Low power light sensor to generate wakeup interrupt

  • Does anybody know any low power light sensor which can produce pin change interrupt for Arduino?
    I planned to use the one with photoresistor:
    Photoresistor sensor

    But it appears to be quite power greedy. There are 2 LEDs onboard: power and threshold. I've made some measurements:
    2 LEDs on: 3.7 mA
    1 LED on: 2.3 mA
    Both LEDs removed: 1.1 mA

    That's way too high for battery powered node. What I want to build is the node with movement, light (on/off), temperature and humidity sensors. For the moment this light module is the showstopper for my node.

    I also have BH1750FVI GY-302 one which good power budget, but it's not able to produce pin change signal to wake my node up on when light is on or off.
    Just ordered APDS-9930 which seems to have INT pin which can be configured to rise by threshold, but maybe somebody know the better solution?

  • You could try the MAX44009 That is low power, and able to sent an interrupt (2actually; low and high) to your node. The only downside is that the Ebay/Aliexpress breakout boards do not have the interrupt pin broken out.

  • Hardware Contributor

    you can also find OPT3001 boards at aliexpress if i'm not wrong. Maybe a bit more expensive than MAX at ali, but you can get the INT pin (you'll need to remove the regulator if there is one onboard, for low power).
    It will be more efficient than APDS 😉

    MAX and OPT300x are almost equal for low power, not a big diff, except the lux range but i use it for indoor (so i'll never reach >100 000lux!). I use OPT3001 because it's cheaper at mouser in quantity.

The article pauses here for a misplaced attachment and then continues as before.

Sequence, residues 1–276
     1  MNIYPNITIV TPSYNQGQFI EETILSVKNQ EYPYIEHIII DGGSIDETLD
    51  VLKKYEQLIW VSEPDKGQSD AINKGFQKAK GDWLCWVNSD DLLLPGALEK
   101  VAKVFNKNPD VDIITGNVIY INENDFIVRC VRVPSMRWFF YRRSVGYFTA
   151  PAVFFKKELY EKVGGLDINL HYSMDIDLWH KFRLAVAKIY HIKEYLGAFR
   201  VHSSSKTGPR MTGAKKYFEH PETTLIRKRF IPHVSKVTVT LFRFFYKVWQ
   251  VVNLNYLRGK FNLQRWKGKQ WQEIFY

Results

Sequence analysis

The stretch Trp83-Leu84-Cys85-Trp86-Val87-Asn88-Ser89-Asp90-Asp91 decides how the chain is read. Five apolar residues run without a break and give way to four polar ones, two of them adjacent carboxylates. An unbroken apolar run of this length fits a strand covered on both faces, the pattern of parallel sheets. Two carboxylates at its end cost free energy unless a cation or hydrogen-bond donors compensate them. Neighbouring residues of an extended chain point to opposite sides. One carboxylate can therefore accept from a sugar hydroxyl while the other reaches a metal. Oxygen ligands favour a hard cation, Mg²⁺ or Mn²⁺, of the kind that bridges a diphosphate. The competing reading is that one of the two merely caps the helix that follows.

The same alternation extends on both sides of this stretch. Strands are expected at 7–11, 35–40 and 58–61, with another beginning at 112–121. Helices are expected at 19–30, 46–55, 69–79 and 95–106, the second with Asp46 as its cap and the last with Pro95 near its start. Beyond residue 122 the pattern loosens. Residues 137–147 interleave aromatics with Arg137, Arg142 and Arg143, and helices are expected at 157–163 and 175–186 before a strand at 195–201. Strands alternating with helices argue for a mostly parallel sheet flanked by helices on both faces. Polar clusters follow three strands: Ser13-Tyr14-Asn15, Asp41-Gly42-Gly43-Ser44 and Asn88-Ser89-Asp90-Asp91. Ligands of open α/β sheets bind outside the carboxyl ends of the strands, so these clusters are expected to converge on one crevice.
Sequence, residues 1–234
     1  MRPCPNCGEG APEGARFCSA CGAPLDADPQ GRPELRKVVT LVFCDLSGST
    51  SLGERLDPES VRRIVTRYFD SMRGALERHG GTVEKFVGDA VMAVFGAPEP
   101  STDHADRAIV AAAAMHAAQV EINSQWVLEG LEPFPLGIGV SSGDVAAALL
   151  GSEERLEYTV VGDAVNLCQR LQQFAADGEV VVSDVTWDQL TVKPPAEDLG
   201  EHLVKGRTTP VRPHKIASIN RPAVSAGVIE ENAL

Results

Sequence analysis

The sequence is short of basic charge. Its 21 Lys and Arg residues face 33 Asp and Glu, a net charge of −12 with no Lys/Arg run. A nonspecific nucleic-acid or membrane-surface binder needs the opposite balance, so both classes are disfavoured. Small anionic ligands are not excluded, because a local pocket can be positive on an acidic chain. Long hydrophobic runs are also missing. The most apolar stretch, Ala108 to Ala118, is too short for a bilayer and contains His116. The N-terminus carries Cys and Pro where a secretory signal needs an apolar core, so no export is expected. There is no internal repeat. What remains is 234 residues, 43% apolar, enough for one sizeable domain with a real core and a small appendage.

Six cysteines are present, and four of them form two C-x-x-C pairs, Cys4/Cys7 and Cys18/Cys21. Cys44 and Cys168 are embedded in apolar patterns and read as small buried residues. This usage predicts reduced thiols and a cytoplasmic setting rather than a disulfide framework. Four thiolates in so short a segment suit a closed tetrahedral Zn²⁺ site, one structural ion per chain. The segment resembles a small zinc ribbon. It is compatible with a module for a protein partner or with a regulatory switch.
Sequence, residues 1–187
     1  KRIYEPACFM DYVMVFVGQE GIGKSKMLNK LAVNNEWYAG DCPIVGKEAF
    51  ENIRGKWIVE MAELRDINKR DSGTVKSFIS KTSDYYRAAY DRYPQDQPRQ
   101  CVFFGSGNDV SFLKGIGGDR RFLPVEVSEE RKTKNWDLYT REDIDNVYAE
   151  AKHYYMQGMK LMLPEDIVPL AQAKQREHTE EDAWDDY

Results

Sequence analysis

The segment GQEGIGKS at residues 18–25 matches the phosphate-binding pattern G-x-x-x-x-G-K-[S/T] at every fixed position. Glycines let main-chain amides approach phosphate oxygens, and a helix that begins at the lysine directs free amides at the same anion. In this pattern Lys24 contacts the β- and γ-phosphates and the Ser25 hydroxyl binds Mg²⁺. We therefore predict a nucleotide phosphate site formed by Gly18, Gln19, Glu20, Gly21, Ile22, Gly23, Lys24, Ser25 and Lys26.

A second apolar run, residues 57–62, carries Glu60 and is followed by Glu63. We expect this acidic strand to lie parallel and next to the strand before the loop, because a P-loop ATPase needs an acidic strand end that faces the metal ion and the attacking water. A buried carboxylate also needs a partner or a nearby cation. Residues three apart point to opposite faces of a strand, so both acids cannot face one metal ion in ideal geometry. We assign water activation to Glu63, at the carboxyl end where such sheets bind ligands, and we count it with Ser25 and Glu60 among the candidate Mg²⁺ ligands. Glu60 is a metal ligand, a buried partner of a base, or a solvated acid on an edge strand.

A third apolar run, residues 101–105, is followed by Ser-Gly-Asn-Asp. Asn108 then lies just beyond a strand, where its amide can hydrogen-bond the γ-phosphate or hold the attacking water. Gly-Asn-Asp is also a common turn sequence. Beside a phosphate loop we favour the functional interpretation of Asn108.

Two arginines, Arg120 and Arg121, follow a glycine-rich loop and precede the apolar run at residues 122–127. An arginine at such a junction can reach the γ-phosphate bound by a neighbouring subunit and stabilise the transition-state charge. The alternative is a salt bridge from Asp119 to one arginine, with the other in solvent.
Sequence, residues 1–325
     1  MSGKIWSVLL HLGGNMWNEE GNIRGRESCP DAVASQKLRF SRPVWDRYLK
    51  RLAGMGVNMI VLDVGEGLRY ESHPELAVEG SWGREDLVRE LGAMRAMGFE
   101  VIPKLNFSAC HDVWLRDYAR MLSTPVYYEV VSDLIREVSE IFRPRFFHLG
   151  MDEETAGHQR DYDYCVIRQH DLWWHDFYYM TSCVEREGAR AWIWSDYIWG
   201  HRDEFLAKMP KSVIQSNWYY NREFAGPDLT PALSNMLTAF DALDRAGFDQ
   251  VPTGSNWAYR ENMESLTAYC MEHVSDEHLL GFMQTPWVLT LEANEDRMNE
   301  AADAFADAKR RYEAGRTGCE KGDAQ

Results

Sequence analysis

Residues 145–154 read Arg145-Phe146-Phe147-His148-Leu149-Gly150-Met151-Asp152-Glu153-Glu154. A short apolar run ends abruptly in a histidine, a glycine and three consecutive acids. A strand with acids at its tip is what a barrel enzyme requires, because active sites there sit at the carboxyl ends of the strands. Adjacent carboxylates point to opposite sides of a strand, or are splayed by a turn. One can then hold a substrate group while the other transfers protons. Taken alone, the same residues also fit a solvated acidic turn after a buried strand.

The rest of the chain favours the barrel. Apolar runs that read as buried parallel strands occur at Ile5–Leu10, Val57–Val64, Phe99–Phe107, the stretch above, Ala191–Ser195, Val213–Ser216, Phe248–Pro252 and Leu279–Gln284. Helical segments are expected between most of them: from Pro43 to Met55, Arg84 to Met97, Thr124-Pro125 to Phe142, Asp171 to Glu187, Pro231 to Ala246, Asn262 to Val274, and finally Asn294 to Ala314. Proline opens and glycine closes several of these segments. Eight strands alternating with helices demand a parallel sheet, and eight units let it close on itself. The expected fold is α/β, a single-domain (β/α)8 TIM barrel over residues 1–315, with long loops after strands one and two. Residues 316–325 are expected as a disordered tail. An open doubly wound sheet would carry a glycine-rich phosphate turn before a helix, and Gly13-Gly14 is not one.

• Thanks for your suggestions! I'll give them a try. At least now I know that's indeed doable

  • Hardware Contributor

    Or a photoresistor and a transistor?

  • Why not just an LDR voltage divider. 2 components. Look at this:

  • Hm, let me try. I just think photoresistor will consume quite a lot of power just by itself. But let me try

  • Hardware Contributor


    I bought OPT3001 here :

    And MAX44009 breakout board (GY-49) here :

    Both have interrupt pin broken out, it's just on the opposite side for the MAX44009 board (next to "49" text) instead of inline with other pins like for OPT3001.
    MAX44009 is much cheaper as a breakout board, and after removing the regulator (I run it on button cell) the power consumption is just insanely low, I can't even see the difference with my multimeter when it's connected to the board or not.
    I have not tested the OPT3001 yet but I don't expect much more power consumption after removing regulator.
    If you keep the regulator you should stay below 10µA with the 2 boards, I don't believe you can get that low with a photoresistor.

  • Hardware Contributor

    because an i2c sensor is so cool to use 😎 (digital value, optimized, repeatibility ..) but the LDR is timeless style sure 🙂

  • Yes, I also just love I2C sensors, thus prefer them against other due to power and pins consumption.
    BTW tried to run my test node without light sensor (while waiting for them to be tested) and found results quite frustrated: it appears that PIR sensor generates a lot of false positives (~ each min). For PIR I use HC-SR501 which connected to 3.3v directly like:
    0_1491331372423_FullSizeRender 2.jpg

  • @Vladimir-Dobrikov If you are getting false positives, it could be because of your input voltage. You are only supplying 3.3 volts which is too low. The operating voltage of these is 4.5 - 20 volts.